Tags: U.S. | Cities | Grew | Rapidly | Last | Decade

U.S. Cities Grew Rapidly in Last Decade

Monday, 07 May 2001 12:00 AM

Western and Southern cities, like Las Vegas and Charlotte, N.C., grew the fastest, fueled by booming economies and an influx of immigrants. Even as whites fled cities, they were replaced in many instances by immigrants, mainly Hispanics, as well as by young professionals and older adults with grown children.

"What all this says is that consumer preferences are important," said Edward L. Glaeser, an economics professor at Harvard University and a visiting fellow at the Brookings Institution who has studied urban demographics.

"City officials need to worry about what makes their city an attractive place to live in. They need to make streets safe and schools solid."

Reversing a 50-year trend, Chicago grew by 112,000 people. New York exceeded eight million people for the first time, its highest population ever. But Philadelphia and Detroit lost population.

Midwestern cities that lost population, like Detroit, fell at slower rates than in past decades. The overall population in Detroit dropped by 7.5 percent, but the number of whites fell by 53 percent to 100,000. The black middle class has been fleeing to the suburbs, too. And now, the city has only one movie theater, which opened last month.

"The city is not ready to admit that what's happening is that blacks with the wherewithal are leaving," said Kurt R. Metzger, an urban affairs expert at Wayne State University in Detroit. "A lot of the folks who are left are those who can't afford to leave."

Urban industrial centers in the Rust Belt like Cleveland and Pittsburgh and Middle Atlantic and Northeastern cities like Hartford and Baltimore generally declined as jobs and people migrated elsewhere.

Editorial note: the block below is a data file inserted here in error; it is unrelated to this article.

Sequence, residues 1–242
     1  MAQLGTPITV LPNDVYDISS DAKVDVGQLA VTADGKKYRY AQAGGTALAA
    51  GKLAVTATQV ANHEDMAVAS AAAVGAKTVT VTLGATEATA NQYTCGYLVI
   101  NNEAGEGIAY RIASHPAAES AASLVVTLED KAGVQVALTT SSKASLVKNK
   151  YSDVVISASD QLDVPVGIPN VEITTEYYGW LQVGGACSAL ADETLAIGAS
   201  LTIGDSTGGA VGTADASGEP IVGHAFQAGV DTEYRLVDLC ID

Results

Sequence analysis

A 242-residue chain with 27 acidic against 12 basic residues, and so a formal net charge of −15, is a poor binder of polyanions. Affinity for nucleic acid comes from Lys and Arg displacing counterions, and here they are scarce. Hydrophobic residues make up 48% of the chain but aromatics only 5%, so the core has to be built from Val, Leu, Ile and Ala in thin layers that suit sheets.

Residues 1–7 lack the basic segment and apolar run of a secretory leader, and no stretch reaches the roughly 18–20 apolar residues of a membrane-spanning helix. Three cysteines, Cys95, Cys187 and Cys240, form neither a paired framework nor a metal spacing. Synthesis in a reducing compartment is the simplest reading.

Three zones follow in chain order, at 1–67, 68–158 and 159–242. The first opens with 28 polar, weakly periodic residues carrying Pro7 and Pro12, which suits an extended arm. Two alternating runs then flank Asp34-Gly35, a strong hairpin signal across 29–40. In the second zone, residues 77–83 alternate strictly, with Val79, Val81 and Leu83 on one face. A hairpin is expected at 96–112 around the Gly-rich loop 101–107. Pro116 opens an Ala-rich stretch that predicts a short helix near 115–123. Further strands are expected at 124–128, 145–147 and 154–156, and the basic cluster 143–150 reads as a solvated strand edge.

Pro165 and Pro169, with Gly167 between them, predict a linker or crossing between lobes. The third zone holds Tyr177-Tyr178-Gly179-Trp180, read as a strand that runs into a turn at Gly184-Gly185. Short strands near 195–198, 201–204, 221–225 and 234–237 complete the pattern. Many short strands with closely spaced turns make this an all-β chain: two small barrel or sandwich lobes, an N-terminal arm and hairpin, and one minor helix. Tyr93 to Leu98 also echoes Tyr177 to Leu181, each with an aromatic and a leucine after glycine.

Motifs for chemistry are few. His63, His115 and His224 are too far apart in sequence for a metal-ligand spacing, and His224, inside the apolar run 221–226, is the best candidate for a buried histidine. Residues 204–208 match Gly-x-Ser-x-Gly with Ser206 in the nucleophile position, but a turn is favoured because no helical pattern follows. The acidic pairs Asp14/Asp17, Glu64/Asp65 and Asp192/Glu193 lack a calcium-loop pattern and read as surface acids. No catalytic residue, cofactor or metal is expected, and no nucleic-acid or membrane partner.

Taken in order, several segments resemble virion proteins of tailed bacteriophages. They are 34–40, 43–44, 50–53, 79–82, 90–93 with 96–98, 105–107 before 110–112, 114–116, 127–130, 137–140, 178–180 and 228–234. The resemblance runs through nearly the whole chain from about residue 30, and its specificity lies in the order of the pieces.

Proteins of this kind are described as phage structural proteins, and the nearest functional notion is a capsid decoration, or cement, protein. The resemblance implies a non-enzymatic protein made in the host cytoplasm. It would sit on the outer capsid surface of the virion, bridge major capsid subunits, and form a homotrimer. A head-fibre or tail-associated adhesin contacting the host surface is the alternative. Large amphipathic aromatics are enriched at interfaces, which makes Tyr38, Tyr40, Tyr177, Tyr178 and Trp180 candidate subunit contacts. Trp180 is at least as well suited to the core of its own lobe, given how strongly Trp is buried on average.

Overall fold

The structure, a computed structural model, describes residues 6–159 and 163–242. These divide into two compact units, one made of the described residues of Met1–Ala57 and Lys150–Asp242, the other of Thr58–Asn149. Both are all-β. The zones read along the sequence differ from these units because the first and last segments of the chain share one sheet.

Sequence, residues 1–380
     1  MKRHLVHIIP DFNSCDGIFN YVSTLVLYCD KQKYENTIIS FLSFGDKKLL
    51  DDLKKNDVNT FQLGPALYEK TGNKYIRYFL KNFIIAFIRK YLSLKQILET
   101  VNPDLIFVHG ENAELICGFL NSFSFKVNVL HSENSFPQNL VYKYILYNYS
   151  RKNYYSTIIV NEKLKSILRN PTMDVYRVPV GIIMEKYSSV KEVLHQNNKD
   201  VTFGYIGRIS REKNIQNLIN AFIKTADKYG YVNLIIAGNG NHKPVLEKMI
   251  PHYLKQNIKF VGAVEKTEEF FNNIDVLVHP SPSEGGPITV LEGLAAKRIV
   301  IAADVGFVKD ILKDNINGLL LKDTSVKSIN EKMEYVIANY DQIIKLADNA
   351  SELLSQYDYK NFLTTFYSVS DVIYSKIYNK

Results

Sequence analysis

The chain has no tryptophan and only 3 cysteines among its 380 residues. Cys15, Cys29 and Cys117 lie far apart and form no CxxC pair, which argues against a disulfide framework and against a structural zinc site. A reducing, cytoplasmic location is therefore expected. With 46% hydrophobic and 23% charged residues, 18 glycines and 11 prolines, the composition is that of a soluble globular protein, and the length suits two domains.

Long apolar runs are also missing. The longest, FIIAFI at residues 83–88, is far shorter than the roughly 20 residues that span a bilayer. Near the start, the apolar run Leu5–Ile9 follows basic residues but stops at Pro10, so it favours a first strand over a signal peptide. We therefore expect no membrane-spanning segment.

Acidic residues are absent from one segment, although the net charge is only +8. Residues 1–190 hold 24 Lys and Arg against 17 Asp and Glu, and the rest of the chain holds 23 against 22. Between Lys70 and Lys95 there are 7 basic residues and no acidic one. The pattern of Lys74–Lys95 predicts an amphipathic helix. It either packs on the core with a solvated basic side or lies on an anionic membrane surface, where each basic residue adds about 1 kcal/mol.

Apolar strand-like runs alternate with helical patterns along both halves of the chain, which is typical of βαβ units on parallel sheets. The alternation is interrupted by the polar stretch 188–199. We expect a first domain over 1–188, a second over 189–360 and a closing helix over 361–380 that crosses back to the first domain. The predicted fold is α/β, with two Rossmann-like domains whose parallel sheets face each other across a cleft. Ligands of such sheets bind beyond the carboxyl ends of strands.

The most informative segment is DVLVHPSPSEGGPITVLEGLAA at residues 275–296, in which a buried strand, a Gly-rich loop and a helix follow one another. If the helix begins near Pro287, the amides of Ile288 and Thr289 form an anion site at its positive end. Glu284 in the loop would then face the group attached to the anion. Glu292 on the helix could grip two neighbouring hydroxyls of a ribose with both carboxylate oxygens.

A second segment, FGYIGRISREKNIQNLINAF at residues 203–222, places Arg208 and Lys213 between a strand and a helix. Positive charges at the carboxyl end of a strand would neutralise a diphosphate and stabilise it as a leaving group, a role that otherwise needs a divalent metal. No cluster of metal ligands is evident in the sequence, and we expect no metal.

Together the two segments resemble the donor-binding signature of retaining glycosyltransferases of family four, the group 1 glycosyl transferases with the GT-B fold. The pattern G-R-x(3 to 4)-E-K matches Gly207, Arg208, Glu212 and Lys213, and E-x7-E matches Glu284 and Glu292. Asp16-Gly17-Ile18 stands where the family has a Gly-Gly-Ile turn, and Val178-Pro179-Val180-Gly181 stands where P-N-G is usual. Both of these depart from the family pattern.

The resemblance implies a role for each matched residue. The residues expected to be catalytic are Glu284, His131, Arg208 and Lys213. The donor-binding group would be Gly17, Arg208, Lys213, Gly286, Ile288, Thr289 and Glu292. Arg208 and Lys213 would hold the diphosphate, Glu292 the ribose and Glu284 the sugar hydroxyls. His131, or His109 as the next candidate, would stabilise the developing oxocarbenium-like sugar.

Traffic jams correlate with growth, but not the way one might think, Glaeser said. Of the 28 cities that grew by more than 25 percent in the 1990's, an average of only 2.5 percent of the people in those cities used mass transit. But on average, the 11 cities where more than 20 percent of residents use subways and buses had flat growth. Of these cities, New York grew the fastest, at 9 percent.

"This makes public transportation a double-edged sword for cities," Glaeser said. "One the one hand, it takes care of poor residents, which is admirable. But on the other hand, it attracts the poor who create a host of urban problems."

Copyright 2001 by United Press International.

© 2019 Newsmax. All rights reserved.

   
1Like our page
2Share
Pre-2008
Western and Southern cities, like Las Vegas and Charlotte, N.C., grew the fastest, fueled by booming economies and an influx of immigrants. Even as whites fled cities, they were replaced in many instances by immigrants, mainly Hispanics, as well as by young professionals...
U.S.,Cities,Grew,Rapidly,Last,Decade
391
2001-00-07
Monday, 07 May 2001 12:00 AM
Newsmax Media, Inc.
 

Newsmax, Moneynews, Newsmax Health, and Independent. American. are registered trademarks of Newsmax Media, Inc. Newsmax TV, and Newsmax World are trademarks of Newsmax Media, Inc.

NEWSMAX.COM
America's News Page
© Newsmax Media, Inc.
All Rights Reserved